“It will be very hard to convince everyone in the world to handle their plastics responsibly, but what we humans are very good in, is inventing technical solutions to our problems. And that’s what we’re doing.” – Boyan Slat
Boyan Slat, a 19-year-old from the Dutch town of Delft, combines environmentalism, creativity and technology to tackle the global issues of sustainability and ocean pollution. With his concept called Marine Litter Extraction, Boyan Slat proposes a radical clean-up solution, for which he won the 2012 Best Technical Design at the Delft University of Technology and second place at the 2012 iSea Clash of the Concepts sustainable innovation award by the Dutch Ministry of Infrastructure and the Environment. No stranger to accolades, at age 14, Boyan has been awarded the Best Idea of South-Holland Award and Guinness World Record.
The idea of Ocean Clean-up was born when Boyan went on a diving holiday to Greece with one of his Scottish friends. A passionate diver, Boyan was dismayed to see more plastic than fish. Astounded by the depressing sight, his friend turned to him and jokingly said, ‘Well lots of jellyfish here. Seen about a thousand!.’ There were no jellyfishes.
Research reveals that parts of the Pacific Ocean have six times more plastic particles than plankton, the ocean’s source of life. As society has developed new uses for plastics, the variety and quantity of plastic items found in the marine environment has increased dramatically. These products range from common domestic material, to industrial products to lost or discarded fishing gear (nets, buoys, traps, lines). Efforts to retrieve these waste materials have been mostly futile but Boyan’s solution provides hope.
A week after returning from his holiday, as a school assignment, Boyan was allowed to study any subject of his choice. He decided to delve into the topic of plastic pollution. The project needed more time than a school assignment afforded. Therefore, on another trip to Greece, Boyan and his friend constructed a manta trawl , a net system to sample the oceans’ surface, 15 times finer than a regular one. They tested it to see if it cleans up the pollution. However, along with particles of plastic, vital plankton were also captured. Boyan and his friend separated the plants from the waste using centrifugal force. They continued their research to determine up to which depth the oceans should be cleaned, by creating a multi-level trawl, which they tested in the North Sea.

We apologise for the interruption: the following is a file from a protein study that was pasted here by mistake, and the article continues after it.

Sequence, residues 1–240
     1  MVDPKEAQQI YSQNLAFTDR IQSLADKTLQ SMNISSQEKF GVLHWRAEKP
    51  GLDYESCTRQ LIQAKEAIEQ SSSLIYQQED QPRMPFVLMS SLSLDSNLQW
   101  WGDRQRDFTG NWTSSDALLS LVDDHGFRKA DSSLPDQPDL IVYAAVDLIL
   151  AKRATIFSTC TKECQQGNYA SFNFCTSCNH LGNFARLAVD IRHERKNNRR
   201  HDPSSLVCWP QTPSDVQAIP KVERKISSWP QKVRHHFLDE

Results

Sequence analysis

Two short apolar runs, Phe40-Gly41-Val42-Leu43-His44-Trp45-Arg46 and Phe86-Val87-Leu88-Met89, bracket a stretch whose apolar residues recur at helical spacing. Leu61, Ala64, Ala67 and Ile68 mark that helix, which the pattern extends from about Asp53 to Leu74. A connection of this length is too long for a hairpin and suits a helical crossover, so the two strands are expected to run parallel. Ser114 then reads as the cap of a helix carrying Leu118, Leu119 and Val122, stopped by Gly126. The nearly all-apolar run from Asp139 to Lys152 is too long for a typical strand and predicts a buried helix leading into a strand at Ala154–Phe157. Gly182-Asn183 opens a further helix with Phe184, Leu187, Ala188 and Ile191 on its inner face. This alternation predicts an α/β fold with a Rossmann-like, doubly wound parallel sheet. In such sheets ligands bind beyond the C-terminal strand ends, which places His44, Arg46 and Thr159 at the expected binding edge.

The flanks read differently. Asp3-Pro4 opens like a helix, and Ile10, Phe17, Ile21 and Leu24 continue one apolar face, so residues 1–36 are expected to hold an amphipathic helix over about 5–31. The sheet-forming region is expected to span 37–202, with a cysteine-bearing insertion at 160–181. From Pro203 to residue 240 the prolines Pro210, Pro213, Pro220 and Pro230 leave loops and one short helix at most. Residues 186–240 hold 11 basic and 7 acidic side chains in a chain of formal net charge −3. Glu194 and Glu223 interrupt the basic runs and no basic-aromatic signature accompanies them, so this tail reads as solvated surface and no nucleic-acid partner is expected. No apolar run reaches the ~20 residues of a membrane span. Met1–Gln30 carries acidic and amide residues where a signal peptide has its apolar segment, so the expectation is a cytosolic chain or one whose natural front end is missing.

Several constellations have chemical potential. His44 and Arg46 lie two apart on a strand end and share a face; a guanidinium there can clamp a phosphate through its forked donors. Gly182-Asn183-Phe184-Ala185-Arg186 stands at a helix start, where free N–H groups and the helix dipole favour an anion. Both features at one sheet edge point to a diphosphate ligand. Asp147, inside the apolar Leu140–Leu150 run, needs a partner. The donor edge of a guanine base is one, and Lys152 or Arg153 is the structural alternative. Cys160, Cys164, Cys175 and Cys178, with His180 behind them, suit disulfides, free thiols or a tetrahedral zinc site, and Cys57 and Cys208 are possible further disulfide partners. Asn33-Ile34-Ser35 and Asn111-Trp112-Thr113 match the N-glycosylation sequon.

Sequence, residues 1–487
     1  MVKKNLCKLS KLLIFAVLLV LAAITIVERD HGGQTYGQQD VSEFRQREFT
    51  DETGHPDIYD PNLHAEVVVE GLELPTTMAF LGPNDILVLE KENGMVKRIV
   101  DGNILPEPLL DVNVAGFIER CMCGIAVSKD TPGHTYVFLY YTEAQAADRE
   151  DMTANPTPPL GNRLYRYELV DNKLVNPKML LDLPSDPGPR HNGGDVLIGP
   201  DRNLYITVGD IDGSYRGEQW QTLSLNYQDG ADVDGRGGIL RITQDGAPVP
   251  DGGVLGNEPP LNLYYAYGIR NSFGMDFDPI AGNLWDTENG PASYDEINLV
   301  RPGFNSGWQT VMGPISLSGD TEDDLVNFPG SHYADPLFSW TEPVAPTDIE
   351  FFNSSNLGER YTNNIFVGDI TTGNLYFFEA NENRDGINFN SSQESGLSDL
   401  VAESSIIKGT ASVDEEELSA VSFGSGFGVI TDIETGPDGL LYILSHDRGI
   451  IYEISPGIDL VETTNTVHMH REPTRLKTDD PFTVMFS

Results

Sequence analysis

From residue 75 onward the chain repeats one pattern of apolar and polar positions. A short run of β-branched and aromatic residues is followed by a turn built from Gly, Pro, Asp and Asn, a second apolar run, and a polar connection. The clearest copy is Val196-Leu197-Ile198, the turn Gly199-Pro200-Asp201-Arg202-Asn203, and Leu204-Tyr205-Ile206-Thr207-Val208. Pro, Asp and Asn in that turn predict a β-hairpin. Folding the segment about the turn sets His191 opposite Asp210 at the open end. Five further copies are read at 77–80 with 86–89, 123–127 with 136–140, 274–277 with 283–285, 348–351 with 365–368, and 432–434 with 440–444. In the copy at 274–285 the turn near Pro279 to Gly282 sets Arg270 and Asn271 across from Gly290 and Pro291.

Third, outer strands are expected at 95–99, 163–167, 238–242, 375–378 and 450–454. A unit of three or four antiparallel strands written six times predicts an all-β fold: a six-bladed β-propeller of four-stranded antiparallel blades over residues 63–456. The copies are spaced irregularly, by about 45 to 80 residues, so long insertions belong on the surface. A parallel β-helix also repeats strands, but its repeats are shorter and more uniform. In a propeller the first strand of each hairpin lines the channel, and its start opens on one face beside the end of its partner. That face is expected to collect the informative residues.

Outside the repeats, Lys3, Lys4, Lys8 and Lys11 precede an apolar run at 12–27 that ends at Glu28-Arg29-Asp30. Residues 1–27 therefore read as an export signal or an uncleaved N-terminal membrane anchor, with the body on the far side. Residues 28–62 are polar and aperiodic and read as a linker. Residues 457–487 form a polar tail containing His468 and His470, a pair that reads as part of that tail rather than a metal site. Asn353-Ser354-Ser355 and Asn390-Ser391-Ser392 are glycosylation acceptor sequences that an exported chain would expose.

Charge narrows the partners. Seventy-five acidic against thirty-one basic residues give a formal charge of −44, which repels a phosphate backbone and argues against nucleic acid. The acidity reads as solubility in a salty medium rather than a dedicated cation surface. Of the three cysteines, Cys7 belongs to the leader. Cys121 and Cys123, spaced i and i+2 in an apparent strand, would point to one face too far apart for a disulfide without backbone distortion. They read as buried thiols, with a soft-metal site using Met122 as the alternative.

“I believe the Great Pacific garbage Patch can clean itself in just five years,” the innovative engineering student declared. Boyan’s last experiments in Greece and the North Sea were the basis for the creation of the Marine Litter Extraction. His invention involves placing floating booms between interconnected processing platforms, which are stationary, as they are attached to the seabed.
In the oceans, waste is usually carried by currents to gyres, swirling bodies of water that act as garbage dumps.
By placing the processing platforms in the gyres, the currents would carry the pollution straight to the booms, which become giant funnels in trapping the waste. The debris then enters the platforms where it is filtered out of the water and stored for recycling when it reaches land. Since no mesh is used, the minute organisms of the sea would remain untouched. Also, all other organisms would be able to move under the boom, thereby 98.5 of the aquatic wildlife will be able to escape the filter.
As the platforms’ wings sway like a manta ray, the contact of the inlets with the surface can be ensured, even in the roughest weather.
The platforms would be self-sustaining, running on energy received from the sun, waves and currents. Seabed processors will be attached which will prevent emissions and save manpower. The project will pay for itself and the plastic collected could be then sold off. Thus, the project might be profitable!
Boyan believes current prevention measures will have to be supplemented by active removal of plastics in order to achieve success in conserving our beleaguered oceans.
The young environmentalist and entrepreneur emphasized in an interview: “I believe that the key thing is that only if we realize that change is more important than money, money will come.”
Slat went on to found The Ocean Cleanup Foundation, a non-profit organization which is responsible for the development of his proposed technologies. His ingenious solution could potentially save hundreds of thousands of aquatic animals annually, and reduce pollutants (including PCB and DDT) from building up in the food chain. It could also save millions per year, both in clean-up costs, lost tourism and damage to marine vessels.
The researchers working on The Ocean Cleanup Project, including Boyan, are halfway though with their feasible study. However, the preliminary results look promising and the team of fifty engineers, modellers, external experts and students is making good progress.
To hear Boyan describing his project: http://www.youtube.com/watch?v=ROW9F-c0kIQ
To know more about the project: http://www.boyanslat.com/plastic5/Subscribe
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